Mercedes GLC hybrid review
The Mercedes GLC is available in both 300 e (petrol-electric) and 300 de (diesel-electric) form, offering two different takes on the luxury plug-in hybrid SUV formula
- Fast and powerful
- Company-car friendly
- Less agile than BMW
- Step in boot floor
|Car type||Electric range||Fuel economy||CO2 emissions|
|Plug-in hybrid||26-31 miles||118-157mpg||47-57g/km|
Mercedes has offered a plug-in hybrid version of its GLC mid-size family SUV in other markets for some time, but only since the facelifted car arrived in 2020 have UK buyers been treated to this tax-busting model. It's available in both GLC 300 e (petrol-electric) and GLC 300 de (diesel-electric) forms, but for the time being we've only driven the former.
The GLC is a rival for the BMW X3, Audi Q5, Volvo XC60 and Jaguar F-Pace hybrids, and the 300 e uses a familiar 2.0-litre petrol-electric setup from elsewhere in the Mercedes range, producing a combined 316bhp. The result is an astonishing 0-62mph time of just 5.7 seconds – and on the road the plug-in GLC feels every bit as fast as those figures suggest.
In its default drive mode, the GLC 300 e will prioritise electric power for up to 31 miles – as long as you aren’t too heavy with your right foot. Leave it in this setting and the intelligent regenerative braking system will read the road ahead, taking care of all but the most evasive braking manoeuvres – all the while feeding energy back into the battery that would otherwise be lost.
That 13.5kWh battery can be topped up in just over two and a half hours using a 7.4kW home wallbox charger, or you can just use a standard domestic socket and still be done comfortably overnight, ready to go for another zero-emissions commute in the morning.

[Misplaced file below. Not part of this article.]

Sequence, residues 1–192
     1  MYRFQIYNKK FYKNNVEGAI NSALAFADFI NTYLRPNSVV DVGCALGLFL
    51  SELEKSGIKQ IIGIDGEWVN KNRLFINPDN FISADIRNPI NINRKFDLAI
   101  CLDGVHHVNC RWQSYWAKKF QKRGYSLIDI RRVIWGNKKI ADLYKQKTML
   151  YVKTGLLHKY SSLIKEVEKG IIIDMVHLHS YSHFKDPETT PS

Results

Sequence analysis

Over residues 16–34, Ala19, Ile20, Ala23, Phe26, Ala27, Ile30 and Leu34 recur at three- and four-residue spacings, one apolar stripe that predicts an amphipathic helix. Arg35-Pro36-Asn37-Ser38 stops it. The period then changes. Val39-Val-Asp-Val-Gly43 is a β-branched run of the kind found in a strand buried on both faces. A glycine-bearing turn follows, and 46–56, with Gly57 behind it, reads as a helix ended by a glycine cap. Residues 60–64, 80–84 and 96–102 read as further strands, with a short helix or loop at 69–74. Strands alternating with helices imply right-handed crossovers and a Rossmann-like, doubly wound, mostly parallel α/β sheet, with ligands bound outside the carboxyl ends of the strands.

As you might expect, the diesel-electric GLC 300 de is the more efficient of the two versions, with claimed fuel economy topping out at 157mpg (versus 118 for the petrol) and CO2 emissions as low as 47g/km (versus 57 for the petrol). That last figure is important, as it means the GLC 300 de is in a lower company-car Benefit-in-Kind (BiK) tax band than the GLC 300 e (10% versus 12%). That could be the clincher for many.
Unfortunately, ranged against cars like the X3 hybrid, the Mercedes doesn’t feel quite as sharp or fun to drive – in petrol-electric form at least. It’s agile enough, but its forte is quiet, urban commutes and comfortable cruising. You’ll never hear the engine at 70mph; the only noticeable sound is a little wind noise around the door mirrors. It also strikes a slightly better balance between comfort and agility than the Volvo XC60, which can feel a little too wallowy in corners at times.
That aforementioned facelift has given the GLC a much-needed mid-life nip and tuck, and as such it feels every bit as modern and luxurious as more modern rivals. The interior is as slick as anything this side of a Mercedes S-Class, with Artico man-made leather on the seats and all but the entry-level version getting a glorious 12.3-inch digital instrument cluster and large central screen.
In addition to this, you can add various packs; our test car was equipped with the Premium Plus options, which comprise fully digital instruments, 64-colour ambient lighting, Apple CarPlay/Android Auto smartphone connectivity and augmented-reality sat nav (which superimposes direction arrows on pictures relayed from a front-facing camera. This specification also includes a panoramic roof and 20-inch alloy wheels.
As is the case with a number of plug-in hybrid models, practicality takes a minor hit – the GLC 300 e has a small step in the boot floor. As if that’s not enough, due to the placement of the batteries, Mercedes is unable to offer any under-floor storage – meaning unless you leave them at home, the car’s charging cables must sit alongside your bread and milk in the boot.
Another downside is that, as well as not being as good to drive as its BMW rival, the petrol-electric GLC isn't as efficient as another major competitor – the Audi Q5 TFSI e. It may well be that, as is the case with the E-Class executive saloon – the diesel plug-in hybrid option actually makes more sense, particularly for those who regularly exceed the car's pure-electric range on their journeys.